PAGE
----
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Southern sirens

Prabhdev Singh     October 2, 2008

Prabhdev Singh
Prabhdev Singh
You have to admire those who make a living out of playing a sport, more so in our kind of an environment. It takes a bold mindset to detach from the relative comforts of a regular pay cheque, and gamble with the vagaries of form on the playing field. We generally tend to look at the bright side-the travelling around the world (which may not necessarily be a perk these days), the money and its spin offs, and the time and space in the media.

There is a corollary attached to all of this. Whatever it is that these guys play, they need to be playing it really well to pay for all the travel, the hotels, and, of course, the dreaded end-of-the-month bills. The media usually comes in when you have a proven winner on your hands.

It's a take no prisoners situation out there and stragglers are confined to the unknown. I happened to spend more than a few hours with some of our leading golf professionals a few weekends ago. The DLF Masters, part of the Professional Golf Tour of India schedule, has come up with an interesting format.

Of the four days of the tournament, once the halfway cut is applied and the field is reduced to about half, a team of two pros and an amateur play a team event that runs concurrently over the last two rounds. For no fault of theirs, Rahul Ganapathy and Sandeep Syal had me for company on a wet Saturday. So wet that play was delayed by four hours and when it finally got underway, you could pick and place your golf ball on the fairway as it tended to get embedded in the soggy turf.

In an attempt to distract the two from my golf, I chatted. The Southern Sirens-Ganapathy is from Mysore and Syal from Chennai—have defied the odds to be where they are. Golf in India is divided into pockets and the southern part of the country hasn't produced top quality players for various reasons, among them lack of infrastructure and role models.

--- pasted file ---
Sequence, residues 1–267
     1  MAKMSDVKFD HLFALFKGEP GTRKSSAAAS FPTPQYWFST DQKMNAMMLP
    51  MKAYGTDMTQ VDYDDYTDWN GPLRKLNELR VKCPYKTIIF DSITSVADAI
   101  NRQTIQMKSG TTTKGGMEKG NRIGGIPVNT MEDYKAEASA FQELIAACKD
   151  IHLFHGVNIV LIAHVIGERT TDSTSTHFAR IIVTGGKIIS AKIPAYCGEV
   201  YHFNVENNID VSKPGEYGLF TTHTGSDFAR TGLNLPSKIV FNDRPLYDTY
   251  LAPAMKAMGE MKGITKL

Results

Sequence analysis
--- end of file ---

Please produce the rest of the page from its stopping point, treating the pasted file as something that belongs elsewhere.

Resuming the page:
Master’s play: Ganapathy in his stride
Master’s play: Ganapathy in his stride
Ganapathy, 29, was different. Much was expected from the Mysore man when he came on tour eight years ago. All those years and 26 second place finishes later (he has been counting), Ganapathy currently tops the PGTI order of merit. He finally broke through not very far from home when he won the Global Green Bangalore Open in the third week of December last year. 

He has won another couple of events since then. I was just too much into golf earlier on. I would be practising and playing and then I would go home and watch some golf or instruction video. The arrival of Veer (son) has changed all that. Now when I get home, I just switch off from golf and that seems to have helped.Understandably, he is relieved to get the pressure off.

You keep plugging on in the hope that some day something will click. After Bangalore, I am playing like a new man.Ganapathy can count himself among the lucky few. Majority of the golfers out there plod on looking for a similar break. Of course, there is no escaping the north Indian connection. Ganapathy's wife is a Sikh and his coach is Delhi Golf Club much sought after Romit Bose.


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